To Will, Buckley infused “[…] conservatism with brio, bringing elegance to its advocacy and altering the nation’s trajectory while having a grand time.” Which is where conservatism has largely stayed in the past seventy years? Fox News is essentially just that quote writ large.
Along with that brio came the eventually dimming of the bulb as “Buckley’s conservatism” tried to impart the greatness of the robber baron ideology to the unwashed, under-educated masses. How can George Will then be surprised that in the constant grasp of populism and shoveling of a smaller and smaller pile of political chaff wouldn’t lead to the rise of Trump and the primitive vulgarians?

This is more amusing when you realize that Will played a part in the hastening of this rise with his support for Ronald Reagan, who approaches sainthood status amongst conservatives on a near constant basis. Who better represents the conservative populism more than the Reagan administration?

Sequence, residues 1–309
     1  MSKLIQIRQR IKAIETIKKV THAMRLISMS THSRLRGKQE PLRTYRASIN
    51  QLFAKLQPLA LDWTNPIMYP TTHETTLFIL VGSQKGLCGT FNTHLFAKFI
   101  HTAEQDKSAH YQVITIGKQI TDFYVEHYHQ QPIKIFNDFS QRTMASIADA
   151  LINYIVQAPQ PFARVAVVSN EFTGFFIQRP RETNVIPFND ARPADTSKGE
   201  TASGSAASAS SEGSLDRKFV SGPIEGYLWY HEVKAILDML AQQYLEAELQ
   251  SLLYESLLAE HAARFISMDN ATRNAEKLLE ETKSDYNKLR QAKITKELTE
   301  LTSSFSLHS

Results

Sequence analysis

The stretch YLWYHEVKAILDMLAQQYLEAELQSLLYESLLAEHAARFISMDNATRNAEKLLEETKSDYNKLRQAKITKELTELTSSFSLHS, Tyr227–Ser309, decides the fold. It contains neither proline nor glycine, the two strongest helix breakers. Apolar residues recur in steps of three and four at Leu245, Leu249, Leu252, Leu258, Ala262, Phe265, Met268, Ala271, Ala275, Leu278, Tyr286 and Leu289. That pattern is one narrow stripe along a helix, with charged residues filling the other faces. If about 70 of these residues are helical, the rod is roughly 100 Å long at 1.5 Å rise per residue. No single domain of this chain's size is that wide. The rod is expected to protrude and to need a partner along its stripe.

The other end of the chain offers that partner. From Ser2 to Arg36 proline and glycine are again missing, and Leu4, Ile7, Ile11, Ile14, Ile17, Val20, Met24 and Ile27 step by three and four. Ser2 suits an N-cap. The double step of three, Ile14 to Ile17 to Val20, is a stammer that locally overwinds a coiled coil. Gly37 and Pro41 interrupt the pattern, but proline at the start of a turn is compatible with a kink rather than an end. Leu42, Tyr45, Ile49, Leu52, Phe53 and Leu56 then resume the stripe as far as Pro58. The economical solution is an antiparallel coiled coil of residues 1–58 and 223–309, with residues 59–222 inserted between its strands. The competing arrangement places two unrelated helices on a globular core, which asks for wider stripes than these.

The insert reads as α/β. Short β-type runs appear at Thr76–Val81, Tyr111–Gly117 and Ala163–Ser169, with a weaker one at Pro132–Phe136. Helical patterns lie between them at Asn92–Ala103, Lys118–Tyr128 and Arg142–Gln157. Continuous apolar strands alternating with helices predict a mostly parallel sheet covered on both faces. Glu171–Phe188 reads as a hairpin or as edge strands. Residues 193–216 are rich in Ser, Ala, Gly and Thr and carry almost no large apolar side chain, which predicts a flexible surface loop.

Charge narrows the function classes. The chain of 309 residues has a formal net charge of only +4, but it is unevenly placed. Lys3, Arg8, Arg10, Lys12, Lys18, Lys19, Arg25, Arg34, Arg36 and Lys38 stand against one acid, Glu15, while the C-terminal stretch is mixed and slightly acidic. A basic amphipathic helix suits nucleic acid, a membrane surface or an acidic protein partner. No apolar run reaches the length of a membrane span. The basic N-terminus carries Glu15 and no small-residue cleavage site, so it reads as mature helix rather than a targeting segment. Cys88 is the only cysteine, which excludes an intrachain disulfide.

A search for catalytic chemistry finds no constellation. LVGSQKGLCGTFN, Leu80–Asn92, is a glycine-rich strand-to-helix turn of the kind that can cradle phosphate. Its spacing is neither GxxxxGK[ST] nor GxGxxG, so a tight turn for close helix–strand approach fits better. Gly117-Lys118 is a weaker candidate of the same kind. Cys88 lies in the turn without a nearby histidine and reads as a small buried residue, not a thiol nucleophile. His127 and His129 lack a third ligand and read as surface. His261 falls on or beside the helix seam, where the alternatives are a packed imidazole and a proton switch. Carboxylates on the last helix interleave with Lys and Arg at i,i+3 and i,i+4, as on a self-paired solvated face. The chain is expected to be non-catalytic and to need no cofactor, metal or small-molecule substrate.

To say nothing of the tenants of “Buckley’s conservatism” that has remained unchanged since their inception. Will wants to act as though the ideology has moved on from some of the more…problematic…elements, but that would be false. Modern conservatism is still just a racist, nationalistic, sectarian and puritanical as it was when it was infused with Buckley’s hot tightrope walk between elitism and populism. Which is where I supposed George Will thinks himself to be as well? To cool to be called a racist? He’s pondering on the greater thoughts of the day?